Controversial Narrabri gas project gets ‘green light’ from NSW development authority

Article by Amanda Jasi

SANTOS has received “phased” and strictly conditioned approval from the independent planning commission of New South Wales (NSW) for its controversial A$3.6bn (US$2.58bn) Narrabri coal seam gas project, which could supply up to half of the state’s gas demand.

Approval comes despite widespread opposition from the public, and the potential for adverse environmental impacts.

Santos sought approval for up to 850 gas wells and associated infrastructure across 95,000 ha (950 km2) encompassing the Pilliga State Forest and privately-owned farmland, southwest of Narrabri. Operations will be located on around 1,000 ha of the project area.

After a “thorough” examination of all of the evidence, which lasted more than 15 weeks, the NSW Independent Planning Commission (IPC) announced it had granted project approval on 30 September. IPC is the consent authority for state significant development in NSW. In its Statement of Reasons for Decision, IPC said that it concluded “the Project is in the public interest and that any negative impacts can be effectively mitigated with strict conditions”.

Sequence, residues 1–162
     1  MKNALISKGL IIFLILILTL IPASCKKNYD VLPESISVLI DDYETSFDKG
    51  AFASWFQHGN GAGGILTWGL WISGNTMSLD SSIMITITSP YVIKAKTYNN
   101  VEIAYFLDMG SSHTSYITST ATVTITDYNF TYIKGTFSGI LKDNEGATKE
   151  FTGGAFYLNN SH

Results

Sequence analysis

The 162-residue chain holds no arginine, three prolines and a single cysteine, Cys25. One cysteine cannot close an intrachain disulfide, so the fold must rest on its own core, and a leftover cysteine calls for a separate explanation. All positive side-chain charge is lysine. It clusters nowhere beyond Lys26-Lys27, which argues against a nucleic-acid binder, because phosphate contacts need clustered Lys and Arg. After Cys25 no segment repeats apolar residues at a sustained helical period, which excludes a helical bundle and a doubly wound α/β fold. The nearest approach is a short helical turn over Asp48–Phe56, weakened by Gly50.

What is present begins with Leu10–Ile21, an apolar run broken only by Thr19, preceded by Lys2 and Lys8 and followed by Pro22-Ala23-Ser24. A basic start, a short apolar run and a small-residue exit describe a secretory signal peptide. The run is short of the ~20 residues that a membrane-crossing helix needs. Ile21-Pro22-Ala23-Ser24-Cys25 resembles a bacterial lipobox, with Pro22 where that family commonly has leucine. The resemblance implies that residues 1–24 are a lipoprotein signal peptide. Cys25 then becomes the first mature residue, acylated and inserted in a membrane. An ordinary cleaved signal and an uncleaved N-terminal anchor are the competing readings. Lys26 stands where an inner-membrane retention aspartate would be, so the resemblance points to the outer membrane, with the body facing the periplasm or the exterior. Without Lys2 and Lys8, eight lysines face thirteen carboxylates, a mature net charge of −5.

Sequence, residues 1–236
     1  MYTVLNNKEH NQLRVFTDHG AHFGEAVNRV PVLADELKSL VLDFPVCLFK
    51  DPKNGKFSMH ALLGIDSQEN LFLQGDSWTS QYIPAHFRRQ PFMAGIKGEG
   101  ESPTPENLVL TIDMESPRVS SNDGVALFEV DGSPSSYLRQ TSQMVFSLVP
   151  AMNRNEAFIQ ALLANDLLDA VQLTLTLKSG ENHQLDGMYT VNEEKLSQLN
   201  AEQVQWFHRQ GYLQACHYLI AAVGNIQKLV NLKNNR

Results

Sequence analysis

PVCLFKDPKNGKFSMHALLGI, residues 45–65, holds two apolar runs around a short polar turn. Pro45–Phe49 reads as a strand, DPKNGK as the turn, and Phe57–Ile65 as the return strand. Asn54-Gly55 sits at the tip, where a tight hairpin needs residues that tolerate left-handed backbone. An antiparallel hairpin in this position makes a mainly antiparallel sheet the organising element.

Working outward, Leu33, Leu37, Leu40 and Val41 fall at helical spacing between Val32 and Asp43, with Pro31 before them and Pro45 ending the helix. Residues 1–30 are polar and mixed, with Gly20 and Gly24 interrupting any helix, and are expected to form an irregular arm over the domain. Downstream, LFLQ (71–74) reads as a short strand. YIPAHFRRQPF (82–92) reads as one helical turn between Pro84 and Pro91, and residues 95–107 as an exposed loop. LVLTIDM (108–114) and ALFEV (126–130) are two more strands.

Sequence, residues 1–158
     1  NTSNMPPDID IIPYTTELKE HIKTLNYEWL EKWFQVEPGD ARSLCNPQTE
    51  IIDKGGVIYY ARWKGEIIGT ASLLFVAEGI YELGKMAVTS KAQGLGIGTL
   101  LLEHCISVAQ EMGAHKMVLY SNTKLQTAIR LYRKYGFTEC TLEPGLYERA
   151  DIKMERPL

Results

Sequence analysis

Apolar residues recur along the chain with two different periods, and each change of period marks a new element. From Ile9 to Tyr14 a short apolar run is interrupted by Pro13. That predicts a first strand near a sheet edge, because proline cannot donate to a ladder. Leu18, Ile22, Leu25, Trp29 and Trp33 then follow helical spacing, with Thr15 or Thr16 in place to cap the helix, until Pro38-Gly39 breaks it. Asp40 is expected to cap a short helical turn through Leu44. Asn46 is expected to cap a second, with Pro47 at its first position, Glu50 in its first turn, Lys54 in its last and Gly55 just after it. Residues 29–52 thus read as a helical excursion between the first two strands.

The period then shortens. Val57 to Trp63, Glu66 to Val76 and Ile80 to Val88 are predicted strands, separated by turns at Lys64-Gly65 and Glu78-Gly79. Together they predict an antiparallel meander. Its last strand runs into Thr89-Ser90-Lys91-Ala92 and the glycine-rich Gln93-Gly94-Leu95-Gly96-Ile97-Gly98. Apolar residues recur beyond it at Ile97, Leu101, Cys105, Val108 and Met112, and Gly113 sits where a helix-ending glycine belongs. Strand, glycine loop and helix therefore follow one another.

In public hearings and more than 11,000 written submissions received by IPC, issues raised included those relating to groundwater impacts, climate change impacts from greenhouse gases, biodiversity impacts, impacts on agriculture, bushfire impacts, employment impacts, health impacts, impacts on Aboriginal cultural heritage, and management of waste (including salt).

IPC’s phased approval comes subject to 134 stringent conditions, which are designed to prevent, minimise, and/or offset adverse environmental impacts; set standards and performance measures for acceptable environmental performance; require regular monitoring and reporting; and provide for the ongoing environmental management of the development.

The conditions include those recommended by the NSW Government’s Department of Planning, Industry and Environment which the department proposed when it recommended the project for approval by the IPC in June. The department recommended the Narrabri project for approval despite opposition demonstrated by 98% of 23,000 public submissions. Of the more than 11,000 written submissions received by IPC, 10,720 were objections.

The development of the Narrabri project is divided into four phases: appraisal, construction, production, rehabilitation. The phased approval that is subject to stringent conditions means that Santos must meet specific requirements before it can progress to the next phase of development.

Once work on the project begins, it is expected that it will create 1,300 construction jobs followed by 200 operational jobs, and that it will boost supply for the east coast domestic gas market. The project has the potential to produce 200 TJ/d for at least 20 years, which is up to half of the gas demand of NSW.